The adrenaline rush of Wonders of Flight, Xtreme Racing Center and the Zorb inflatable globe in Pigeon Forge aren’t the only ways to delight in this eastern Tennessee mountain town in sight of Great Smoky Mountain National Park.
If you think you understand what this vacation place is all about, look again. I had to adjust my attitude too.
Explore America’s most-visited National Park
Drive just seven miles along the lovely Foothills Parkway to transition from energetic Pigeon Forge to the serene Smokies. Easy back-and-forth to satisfy activity preferences of everyone in the family.
Consider the “quiet walkways” system in the park; they’re short walks, hardly a hike, and a fine introduction for those who don’t yet know they love a vacation in the forest.
The nature museum in the visitor center nearest Pigeon Forge is called Sugarlands, good way for getting eyeball-to-eyeball with possum, red fox and lots of Smokies birds in handsome display cases.
Volunteer in advance, even for a couple of hours; inside tasks also available. “The park is a big jewel of eco-diversity,” says Volunteer Coordinator Christine Hoyer. “We always have opportunities.”
Count the traffic lights
Practical, sensible this Pigeon Forge. “Turn at traffic light #7,” someone will say to discover the Old Mill. How easy is that.
Assign the little kids who sit up high enough in the back seat to know which light for turning. First assignment to guide their traveling skills? Count it out on the city map.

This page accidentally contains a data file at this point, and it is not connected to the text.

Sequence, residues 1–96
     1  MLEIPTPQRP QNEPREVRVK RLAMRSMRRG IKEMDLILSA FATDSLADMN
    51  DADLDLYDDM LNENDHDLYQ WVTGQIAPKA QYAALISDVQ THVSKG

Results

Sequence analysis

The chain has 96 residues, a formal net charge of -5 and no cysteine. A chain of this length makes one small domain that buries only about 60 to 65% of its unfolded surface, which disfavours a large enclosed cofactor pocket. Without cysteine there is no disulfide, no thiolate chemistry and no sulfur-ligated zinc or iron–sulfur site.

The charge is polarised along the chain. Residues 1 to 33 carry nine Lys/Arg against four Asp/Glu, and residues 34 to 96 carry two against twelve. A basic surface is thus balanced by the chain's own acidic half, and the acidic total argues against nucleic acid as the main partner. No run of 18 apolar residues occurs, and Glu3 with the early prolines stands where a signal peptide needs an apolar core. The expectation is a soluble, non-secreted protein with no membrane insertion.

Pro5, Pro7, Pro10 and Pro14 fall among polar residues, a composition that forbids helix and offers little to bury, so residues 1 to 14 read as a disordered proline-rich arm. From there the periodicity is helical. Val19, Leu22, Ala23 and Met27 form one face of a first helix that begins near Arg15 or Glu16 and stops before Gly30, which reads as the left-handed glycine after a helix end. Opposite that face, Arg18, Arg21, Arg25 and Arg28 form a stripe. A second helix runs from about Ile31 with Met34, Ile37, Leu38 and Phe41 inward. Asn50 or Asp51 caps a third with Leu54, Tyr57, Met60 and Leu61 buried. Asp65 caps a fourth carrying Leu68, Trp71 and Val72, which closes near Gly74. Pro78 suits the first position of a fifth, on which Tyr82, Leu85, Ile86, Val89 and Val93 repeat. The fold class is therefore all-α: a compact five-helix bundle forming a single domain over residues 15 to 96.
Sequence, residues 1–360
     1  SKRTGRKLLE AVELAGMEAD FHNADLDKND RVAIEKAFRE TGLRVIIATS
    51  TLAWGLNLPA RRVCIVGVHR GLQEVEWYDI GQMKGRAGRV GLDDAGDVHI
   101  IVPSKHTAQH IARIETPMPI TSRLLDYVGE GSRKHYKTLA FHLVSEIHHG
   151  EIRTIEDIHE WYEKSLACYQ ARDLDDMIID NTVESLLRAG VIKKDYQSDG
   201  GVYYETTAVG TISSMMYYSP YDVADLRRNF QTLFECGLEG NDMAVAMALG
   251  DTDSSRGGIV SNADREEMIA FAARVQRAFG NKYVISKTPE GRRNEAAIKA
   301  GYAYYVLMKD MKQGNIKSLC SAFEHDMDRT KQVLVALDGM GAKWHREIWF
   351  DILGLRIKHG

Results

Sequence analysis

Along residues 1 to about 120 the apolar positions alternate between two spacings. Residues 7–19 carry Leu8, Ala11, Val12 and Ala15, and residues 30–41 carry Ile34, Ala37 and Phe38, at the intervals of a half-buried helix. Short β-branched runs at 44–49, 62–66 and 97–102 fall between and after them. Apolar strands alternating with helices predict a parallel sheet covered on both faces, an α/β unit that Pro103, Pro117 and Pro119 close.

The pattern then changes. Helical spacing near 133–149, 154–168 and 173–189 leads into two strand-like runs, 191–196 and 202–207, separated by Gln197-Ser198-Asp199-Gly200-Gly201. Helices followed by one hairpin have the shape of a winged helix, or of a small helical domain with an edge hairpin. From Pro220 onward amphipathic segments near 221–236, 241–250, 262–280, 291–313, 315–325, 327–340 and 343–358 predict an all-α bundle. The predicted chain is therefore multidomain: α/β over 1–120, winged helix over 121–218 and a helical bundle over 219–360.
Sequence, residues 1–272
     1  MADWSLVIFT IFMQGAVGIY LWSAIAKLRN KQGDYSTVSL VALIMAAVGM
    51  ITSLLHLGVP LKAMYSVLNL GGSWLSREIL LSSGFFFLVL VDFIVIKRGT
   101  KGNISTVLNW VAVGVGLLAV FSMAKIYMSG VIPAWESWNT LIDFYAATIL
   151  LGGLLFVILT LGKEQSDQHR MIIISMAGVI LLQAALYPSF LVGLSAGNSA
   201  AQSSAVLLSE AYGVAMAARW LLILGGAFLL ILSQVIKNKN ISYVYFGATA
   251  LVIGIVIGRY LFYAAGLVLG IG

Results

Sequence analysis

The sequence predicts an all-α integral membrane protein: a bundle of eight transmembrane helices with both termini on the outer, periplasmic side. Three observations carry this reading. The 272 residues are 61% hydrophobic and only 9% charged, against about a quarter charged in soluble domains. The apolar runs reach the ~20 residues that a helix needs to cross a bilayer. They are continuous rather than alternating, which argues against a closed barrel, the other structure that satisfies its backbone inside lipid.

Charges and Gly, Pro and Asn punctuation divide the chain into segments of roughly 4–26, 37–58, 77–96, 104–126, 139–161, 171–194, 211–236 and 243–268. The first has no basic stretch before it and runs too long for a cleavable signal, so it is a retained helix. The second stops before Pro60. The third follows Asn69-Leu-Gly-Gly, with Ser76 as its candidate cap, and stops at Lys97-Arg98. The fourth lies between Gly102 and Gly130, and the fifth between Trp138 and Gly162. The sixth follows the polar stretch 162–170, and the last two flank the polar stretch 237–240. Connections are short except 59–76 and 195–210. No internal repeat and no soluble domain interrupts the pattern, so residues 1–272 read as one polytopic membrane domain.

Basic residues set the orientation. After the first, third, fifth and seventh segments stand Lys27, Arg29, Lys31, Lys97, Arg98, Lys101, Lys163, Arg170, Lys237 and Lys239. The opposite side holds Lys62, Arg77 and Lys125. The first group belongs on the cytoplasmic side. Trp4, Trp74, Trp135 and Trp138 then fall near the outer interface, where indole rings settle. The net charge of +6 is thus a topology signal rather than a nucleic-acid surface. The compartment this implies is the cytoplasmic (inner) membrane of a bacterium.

Step into 1830
History really is living in the mill producing flour, grits, cornmeal since 1830. Show and tell, sure, but for real.
Shafts, bells and pulleys get the job done with the giant water-powered wheel on the Little Pigeon River. Take a tour.
Artisan Tommy Boullon creates functional pieces in the Old Mill Square, following designs of legendary Pigeon Forge potter Douglas Ferguson.
Dine with his plates and bowls and exquisite recipes in the Old Mill Pottery House Café and Grille.
Discover new bugs
Great Smoky Mountain National Park is full of living things, and scientists who welcome volunteers are discovering never-known-before species. Close to 1,000 plants and creatures new to science are already identified by DLIA – Discover Life in America.
They’ve documented 7,636 in the Park, where the announcement signs are in chalk. Always changing.
Wonder who gets to name a new creature? Could your kids?
Winter holiday wilderness
School break in late January – or homeschool lessons in abundance – is an astonishing way to go to Pigeon Forge. Block out Jan. 24 – 31, 2015 for Wilderness Wildlife Week.
I did in 2014. So did people from 32 states, Canada and the United Kingdom, and here’s why.
People with a passion for the Smoky Mountains, many of them with great-great-great grandparents and no telling how many cousins living their lives here, come together to sing the ballads, teach the crafts, tell the stories while rejoicing in their heritage all week long.
Hundreds of interesting programs. Dozens of chances to put your hands on the activity. I learned how to be a dowser, finding water with a forked stick from experts. Ever discovered that other places you go?
Unlimited is the feeling at Wilderness Wildlife Week with stunning pieces of American culture and heritage to make your own.
Plus, you can all ride the Great Smoky Mountain WHEEL, just a short walk from the event. Climate controlled cabs for winter Ferris wheel.